Cisco uses the terminology ‘Medical-Grade’ in regard to their published reference architectures for building what they consider to be a robust network platform capable of supporting healthcare specific applications and patient safety devices such as patient monitors, infusion pumps, oxygen monitors, etc. We have found ourselves in an interesting position as our own device lifecycle has encouraged the adoption and standardization of many of these device types at the same time that manufacturers are beginning to embrace the deployment of these devices on IP networks rather than proprietary infrastructure.
By placing these devices on IP based wired and wireless infrastructure we simplify cabling, enable mobility, facilitate data exchange with EHR systems, centralize server infrastructure into a properly regulated environment, provide remote access, and integrate with existing communications systems. There are certainly numerous other benefits depending on the type of device being utilized and the capabilities of individual vendors. We also introduce risk. Systems fail and those of us in IT realize this, however, clinical personnel have become dependent on these devices and are accustomed to older and less complex infrastructure that provides reliable service. Appropriate and complete human processes need to be in place to facilitate hardware failure, upgrades, and configuration changes.
Not everyone runs an end-to-end Cisco network. I’ll give you my two cents in regard to what we consider to be ‘Medical-Grade’ from the core outward and perhaps follow up with another post specifically addressing the architecture allowing us to meeting these recommendations.
Everything starts with appropriate datacenter facilities. Ideally we want to see redundancy in regard to street power, generators, heat rejection, air handling, UPS, power distribution, and ultimately power supplies within core network and server equipment. In regard to medical devices the brains of the operations reside here - EHR interface servers, remote access devices, and centralized alarming. From a standpoint of wireless you will likely place redundant centralized controllers and other management services in this location.
On a typical campus you will extend from the datacenter (MDF) to your switch closet locations (IDF) via a campus-wide fiber deployment. Physical redundancy is the key here and is accomplished by having multiple paths to each and every IDF location. Additional considerations are given to large deployments requiring distribution level switching. As we are a relatively small campus we do not have this requirement but considerations would be similar within this model.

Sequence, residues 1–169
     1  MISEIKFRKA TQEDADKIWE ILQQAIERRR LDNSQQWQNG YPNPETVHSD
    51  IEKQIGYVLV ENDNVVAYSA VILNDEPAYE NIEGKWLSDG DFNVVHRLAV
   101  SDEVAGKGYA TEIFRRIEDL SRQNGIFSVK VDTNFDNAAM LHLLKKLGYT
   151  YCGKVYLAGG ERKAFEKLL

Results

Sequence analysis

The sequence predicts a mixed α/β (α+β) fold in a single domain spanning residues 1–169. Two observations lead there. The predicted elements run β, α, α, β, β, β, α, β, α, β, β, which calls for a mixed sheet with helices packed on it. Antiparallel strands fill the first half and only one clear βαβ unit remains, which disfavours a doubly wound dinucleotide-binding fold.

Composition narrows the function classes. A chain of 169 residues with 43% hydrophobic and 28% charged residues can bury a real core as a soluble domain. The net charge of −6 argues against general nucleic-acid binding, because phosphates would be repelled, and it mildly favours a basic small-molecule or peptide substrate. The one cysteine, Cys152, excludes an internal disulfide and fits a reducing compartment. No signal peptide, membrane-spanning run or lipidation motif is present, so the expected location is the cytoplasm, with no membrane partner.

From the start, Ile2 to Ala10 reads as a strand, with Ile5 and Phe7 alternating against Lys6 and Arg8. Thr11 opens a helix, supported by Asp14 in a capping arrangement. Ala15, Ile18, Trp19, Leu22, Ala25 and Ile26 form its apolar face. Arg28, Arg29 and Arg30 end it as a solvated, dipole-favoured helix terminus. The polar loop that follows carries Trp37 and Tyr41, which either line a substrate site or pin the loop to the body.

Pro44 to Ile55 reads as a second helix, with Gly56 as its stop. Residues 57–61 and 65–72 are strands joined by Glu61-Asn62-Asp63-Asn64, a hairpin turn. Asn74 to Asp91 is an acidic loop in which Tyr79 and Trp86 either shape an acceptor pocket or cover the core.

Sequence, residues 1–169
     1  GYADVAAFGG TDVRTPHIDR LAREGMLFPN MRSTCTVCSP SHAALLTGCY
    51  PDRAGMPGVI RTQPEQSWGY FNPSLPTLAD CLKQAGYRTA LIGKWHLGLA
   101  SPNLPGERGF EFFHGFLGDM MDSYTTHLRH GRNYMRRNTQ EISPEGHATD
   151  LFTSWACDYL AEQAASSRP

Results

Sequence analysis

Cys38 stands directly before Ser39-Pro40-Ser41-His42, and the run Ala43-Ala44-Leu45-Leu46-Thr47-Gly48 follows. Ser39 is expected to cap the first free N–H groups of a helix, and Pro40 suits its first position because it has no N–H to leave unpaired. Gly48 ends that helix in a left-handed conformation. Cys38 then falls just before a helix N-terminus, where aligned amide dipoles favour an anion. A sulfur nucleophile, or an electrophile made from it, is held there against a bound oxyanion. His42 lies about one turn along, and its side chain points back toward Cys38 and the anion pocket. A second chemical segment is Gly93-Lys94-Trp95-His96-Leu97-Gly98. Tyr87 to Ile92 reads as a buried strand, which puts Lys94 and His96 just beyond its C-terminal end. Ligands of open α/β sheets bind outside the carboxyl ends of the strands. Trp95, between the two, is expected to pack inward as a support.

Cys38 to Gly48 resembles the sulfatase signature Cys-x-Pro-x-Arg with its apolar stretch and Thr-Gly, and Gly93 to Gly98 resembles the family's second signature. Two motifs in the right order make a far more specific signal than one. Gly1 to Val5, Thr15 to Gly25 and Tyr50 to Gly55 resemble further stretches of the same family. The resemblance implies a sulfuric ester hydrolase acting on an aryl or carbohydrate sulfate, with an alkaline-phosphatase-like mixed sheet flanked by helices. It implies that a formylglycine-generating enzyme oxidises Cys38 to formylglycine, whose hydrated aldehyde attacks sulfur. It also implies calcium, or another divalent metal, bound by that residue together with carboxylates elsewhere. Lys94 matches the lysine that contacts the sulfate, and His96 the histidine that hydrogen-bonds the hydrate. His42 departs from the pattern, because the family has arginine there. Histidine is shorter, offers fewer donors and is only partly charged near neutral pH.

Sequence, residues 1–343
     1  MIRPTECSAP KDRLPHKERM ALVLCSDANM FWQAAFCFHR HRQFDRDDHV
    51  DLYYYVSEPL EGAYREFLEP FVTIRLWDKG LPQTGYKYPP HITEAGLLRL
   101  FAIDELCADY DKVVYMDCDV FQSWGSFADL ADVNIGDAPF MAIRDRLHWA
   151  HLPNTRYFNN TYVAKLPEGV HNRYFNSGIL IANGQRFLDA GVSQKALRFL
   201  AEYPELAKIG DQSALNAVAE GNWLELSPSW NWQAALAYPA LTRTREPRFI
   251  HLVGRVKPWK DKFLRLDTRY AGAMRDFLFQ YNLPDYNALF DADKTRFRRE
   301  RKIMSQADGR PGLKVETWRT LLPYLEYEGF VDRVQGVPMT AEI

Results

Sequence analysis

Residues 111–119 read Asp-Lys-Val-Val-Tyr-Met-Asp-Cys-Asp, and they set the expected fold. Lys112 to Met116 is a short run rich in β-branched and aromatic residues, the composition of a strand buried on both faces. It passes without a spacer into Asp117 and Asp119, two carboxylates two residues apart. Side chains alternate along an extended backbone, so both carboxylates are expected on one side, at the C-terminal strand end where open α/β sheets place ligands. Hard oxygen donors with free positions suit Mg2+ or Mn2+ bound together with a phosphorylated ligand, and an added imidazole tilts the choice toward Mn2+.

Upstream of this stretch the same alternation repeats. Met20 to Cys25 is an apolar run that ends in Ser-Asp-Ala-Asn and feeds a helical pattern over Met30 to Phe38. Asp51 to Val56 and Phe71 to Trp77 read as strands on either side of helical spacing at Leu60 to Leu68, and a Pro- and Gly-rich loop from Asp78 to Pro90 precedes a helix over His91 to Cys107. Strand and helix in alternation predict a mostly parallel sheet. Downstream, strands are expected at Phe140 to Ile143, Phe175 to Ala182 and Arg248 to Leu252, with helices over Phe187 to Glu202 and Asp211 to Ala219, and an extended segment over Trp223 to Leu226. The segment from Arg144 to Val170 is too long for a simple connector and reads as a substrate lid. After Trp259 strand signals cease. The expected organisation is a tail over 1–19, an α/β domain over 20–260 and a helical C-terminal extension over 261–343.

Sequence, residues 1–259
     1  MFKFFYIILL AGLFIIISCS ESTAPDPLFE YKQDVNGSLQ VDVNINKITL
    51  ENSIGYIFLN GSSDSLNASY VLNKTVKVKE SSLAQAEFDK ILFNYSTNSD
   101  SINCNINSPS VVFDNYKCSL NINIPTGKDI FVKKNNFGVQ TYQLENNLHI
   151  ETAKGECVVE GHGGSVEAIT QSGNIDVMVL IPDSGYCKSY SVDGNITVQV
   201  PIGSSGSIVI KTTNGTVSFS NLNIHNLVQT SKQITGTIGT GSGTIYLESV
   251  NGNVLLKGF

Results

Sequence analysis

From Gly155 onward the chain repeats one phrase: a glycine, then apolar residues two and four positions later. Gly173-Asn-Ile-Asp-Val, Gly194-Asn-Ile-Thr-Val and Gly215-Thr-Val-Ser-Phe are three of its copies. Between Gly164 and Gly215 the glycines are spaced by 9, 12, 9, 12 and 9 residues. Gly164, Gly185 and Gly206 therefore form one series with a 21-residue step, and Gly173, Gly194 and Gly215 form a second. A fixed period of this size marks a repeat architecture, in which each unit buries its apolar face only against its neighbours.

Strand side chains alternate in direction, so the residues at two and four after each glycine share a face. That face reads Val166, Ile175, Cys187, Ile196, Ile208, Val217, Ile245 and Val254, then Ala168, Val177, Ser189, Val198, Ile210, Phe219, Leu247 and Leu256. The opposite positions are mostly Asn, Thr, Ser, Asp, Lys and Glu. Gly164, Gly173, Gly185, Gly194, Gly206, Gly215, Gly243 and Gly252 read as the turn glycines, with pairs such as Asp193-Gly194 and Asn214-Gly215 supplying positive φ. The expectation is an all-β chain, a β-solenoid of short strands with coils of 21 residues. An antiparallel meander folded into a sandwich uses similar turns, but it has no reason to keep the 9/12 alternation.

From the standpoint of logical redundancy the goal is to enable redundant physical fiber links between MDF and IDF locations using a technology capable of providing extremely fast failover convergence in the event that a single physical connection should fail. There are a number of ways to accomplish this but simple is best and KISS is never a bad idea. We will typically be bound to our chosen technology for the duration of its lifecycle and options are numerous. Examples include STP (yuck), Routed Access via OSPF/EIGRP, Cross-Chassis / Cross-Stack EtherChannel, etc.
At the IDF level we want to consider all the appropriate facilities in regard to cooling and power. We want UPS units on emergency power capable of powering PoE class switches for a significant period of time should emergency power fail to fire. These units should be network attached and centrally monitored. Ideally we want dual UPS units in each closet to shield the location from a UPS failure event.
In regard to the IDF switching equipment should allow for dual power supplies or an externally attached power supply unit capable of providing this functionality. As device types vary a PoE capable unit is desirable and if you can deliver full gigabit at this level please do. These units will drive your hardwired devices and wireless access points. Avoid grouping devices onto one particular physical switch so that subsets of devices remain online in the event of a single switch failure.
The closer we get to the patient the more apparent our single points of failure are. Most wired devices have only a single interface leaving you exposed to device failure, physical link failure, switchport failure, and failure of an entire switching unit. Stock hot spares – or please let me know if you have a better idea.
An interesting philosophy we have had recently – at a certain point wireless almost becomes more reliable – you eliminate the physical link and eliminate dependency on a single physical switch if AP units are properly staggered. YMMV. We continue to stick to the ideal that wireless = mobile != wired replacement. Perhaps this will change in the near future.
I didn’t guess this would get so lengthy. I will address some human issues shortly.